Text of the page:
13 Sep 2011

Assignment 4 - Light

Part 4 has been a long section with some testing, difficult and time consuming exercises but it has been most enjoyable despite that.  One of the problems has been that I have been limited to doing the Assignment at home, whereas I usually get opportunities to shoot most of my work whilst I am away,  Since I get relatively little time at home, with family life also taking priority, it has been hard to find the hours. 

Despite my whining, my Light Assignment is done and can be found here.

I wait to be judged and while my tutor looks at my work I will be wondering at my choice of subject.  I might have gone out on a limb by choosing a clear wine glass.  I hope that my tutor doesn't think that this has prevented me from fulfilling the objectives of the assignment but I found it a challenge that was hard to resist.  Glass is a notoriously difficult thing to photograph so I hoped that if I could do it well I might get some small reward for making the attempt... or not!  Only time will tell.

The technical aspects were intriguing and I got a lot of help from textbooks including 'Light, Science and Magic' by Fil Hunter, Steven Biver and Paul Fuqua.  I relied on a lot of back lighting be it from a soft box, snoot or the sky, as front lighting tended to come back at the camera revealing every tiny spot of dust and finger mark.  I used black and white reflectors to move light as well as black and translucent sheets of perspex.  My soft box was most useful and I used my hi-key background as a huge soft box for some shots.

Here are a few of my setups.


The glass against a black background was fairly easy.  The light source is the lastolite hi-key background which was good as it gave a large area of light to get around the background card that I was shooting against.  I had two small white cards either side of the glass and a large white card under the camera to put stripes of reflection on the glass which helped to give depth to the shot.  I was shooting tethered to my laptop so that I could examine the images in detail straight after they were taken and move things around as required.  The computer also helped as I could display the camera's live view which made accurate focus a lot easier.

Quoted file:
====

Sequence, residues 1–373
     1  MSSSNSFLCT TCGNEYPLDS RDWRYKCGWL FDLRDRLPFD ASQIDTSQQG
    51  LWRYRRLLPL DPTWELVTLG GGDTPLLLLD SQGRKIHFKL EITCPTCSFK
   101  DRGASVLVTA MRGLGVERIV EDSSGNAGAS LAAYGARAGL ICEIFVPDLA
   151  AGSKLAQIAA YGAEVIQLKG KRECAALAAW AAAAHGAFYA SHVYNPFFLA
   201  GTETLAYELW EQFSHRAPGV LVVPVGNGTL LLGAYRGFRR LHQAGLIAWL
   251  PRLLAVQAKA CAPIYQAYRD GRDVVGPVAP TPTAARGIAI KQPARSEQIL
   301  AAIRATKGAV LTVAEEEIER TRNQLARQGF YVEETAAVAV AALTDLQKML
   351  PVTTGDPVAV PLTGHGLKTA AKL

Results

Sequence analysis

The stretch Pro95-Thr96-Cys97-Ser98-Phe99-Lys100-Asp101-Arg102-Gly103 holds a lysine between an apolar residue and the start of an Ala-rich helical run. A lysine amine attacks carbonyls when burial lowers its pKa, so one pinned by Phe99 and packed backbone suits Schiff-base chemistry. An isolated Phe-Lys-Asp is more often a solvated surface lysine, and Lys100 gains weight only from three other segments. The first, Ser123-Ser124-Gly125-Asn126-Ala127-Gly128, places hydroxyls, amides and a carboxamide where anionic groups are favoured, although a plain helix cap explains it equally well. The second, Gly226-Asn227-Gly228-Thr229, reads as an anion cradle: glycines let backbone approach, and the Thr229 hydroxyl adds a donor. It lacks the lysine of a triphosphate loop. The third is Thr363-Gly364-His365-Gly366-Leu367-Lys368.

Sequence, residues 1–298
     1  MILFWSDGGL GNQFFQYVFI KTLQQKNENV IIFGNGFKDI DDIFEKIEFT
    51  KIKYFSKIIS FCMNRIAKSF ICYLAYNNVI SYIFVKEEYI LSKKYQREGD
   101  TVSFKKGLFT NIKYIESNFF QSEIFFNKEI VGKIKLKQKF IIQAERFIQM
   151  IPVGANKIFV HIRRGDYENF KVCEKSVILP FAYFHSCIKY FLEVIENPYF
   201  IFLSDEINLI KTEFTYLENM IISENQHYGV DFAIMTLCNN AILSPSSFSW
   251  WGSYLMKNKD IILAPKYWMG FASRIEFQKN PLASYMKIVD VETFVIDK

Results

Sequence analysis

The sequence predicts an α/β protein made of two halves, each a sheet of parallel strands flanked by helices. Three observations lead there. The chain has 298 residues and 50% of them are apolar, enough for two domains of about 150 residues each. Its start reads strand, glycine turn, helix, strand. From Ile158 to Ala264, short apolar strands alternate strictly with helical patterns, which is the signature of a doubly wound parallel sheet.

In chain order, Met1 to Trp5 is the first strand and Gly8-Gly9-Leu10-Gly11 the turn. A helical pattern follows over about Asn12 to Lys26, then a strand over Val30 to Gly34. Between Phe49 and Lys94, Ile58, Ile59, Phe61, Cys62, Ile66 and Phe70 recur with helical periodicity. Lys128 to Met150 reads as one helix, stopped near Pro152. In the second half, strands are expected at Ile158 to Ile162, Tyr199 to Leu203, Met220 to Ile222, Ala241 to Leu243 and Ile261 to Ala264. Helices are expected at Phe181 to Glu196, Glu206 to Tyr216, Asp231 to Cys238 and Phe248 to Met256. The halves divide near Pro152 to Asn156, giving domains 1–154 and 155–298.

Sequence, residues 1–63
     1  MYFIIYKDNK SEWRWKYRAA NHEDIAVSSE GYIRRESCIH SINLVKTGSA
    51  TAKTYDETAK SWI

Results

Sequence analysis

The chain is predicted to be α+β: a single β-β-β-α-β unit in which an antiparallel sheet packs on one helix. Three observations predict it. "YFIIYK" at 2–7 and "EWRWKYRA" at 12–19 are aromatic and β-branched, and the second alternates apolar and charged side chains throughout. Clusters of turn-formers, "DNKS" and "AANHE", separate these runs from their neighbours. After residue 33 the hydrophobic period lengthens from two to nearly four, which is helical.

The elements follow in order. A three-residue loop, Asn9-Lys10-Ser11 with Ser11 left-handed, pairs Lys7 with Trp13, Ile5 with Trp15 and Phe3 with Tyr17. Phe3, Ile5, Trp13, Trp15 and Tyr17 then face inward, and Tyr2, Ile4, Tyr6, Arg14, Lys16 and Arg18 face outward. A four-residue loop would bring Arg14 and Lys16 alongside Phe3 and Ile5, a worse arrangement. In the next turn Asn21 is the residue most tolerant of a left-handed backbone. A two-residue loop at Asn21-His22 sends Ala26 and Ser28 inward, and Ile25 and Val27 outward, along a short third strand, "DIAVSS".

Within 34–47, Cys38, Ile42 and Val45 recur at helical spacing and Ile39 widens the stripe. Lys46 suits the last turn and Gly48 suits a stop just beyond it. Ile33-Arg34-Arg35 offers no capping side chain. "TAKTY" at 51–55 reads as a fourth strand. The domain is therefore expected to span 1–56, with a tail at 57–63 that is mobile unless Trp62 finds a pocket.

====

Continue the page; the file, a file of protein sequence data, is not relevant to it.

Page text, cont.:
Shooting the shadow image in a pool of light was also relatively simple.  I use a snoot to provide the illumination and filled the glass with weak squash to give colour to the water I used.  The hardest part was achieving the right angle for the shot so that unwanted reflections or distractions didn't spoil the image.



The close up of the base with the logo DARTINGTON was a hand held shot using a macro lens.  I wandered around looking for a suitable background and light angle to get the word lit and give some background interest.  Holding the glass at 90deg to the sky put the light through the edge of the base and then I held the glass near a flower to give the colour.  The base acted a little like a lens and it kept the edge of the petals within the rim giving a slightly surreal effect that I liked.  The hardest bit was manhandling the camera in one hand with the glass in the other... that camera isn't light!



 Shooting against the sky needed a bit of bamboo and cotton thread.  Once the glass was suspended I added the Gin and olive and then waited for a nice bit of sky to wander past.  Of course the thread had to be removed post production but that was about all that needed doing.



 Getting the overhead shot needed the long arm of my Uni-Loc tripod and a sheet of translucent perspex with the light below.  Once everything was in place I filled the glass and started shooting.  The uncorrected tungsten cast of the modelling lamp was just about the right shade to match the liquid.  Being a hand made glass, the imperfections showed up nicely as dark rings around the bowl.



Getting the 'splash' shot needed lots of practice at pouring water.  I set this up outside with a conventional soft box behind the glass and then threw water into it, firing the camera at an appropriate moment.  The flash duration was, of course, a lot faster than the shutter speed and being the main light source it froze the action despite having the camera at only 100th sec. As can be seen, my first efforts splashed onto the soft box so that needed cleaning and moving a bit further away!

All in all a fun time with the lens cap off and I do hope that my time and effort wasn't wasted.  I must plough on as I have the final Assignment to complete before the end of November and time waits for no man.




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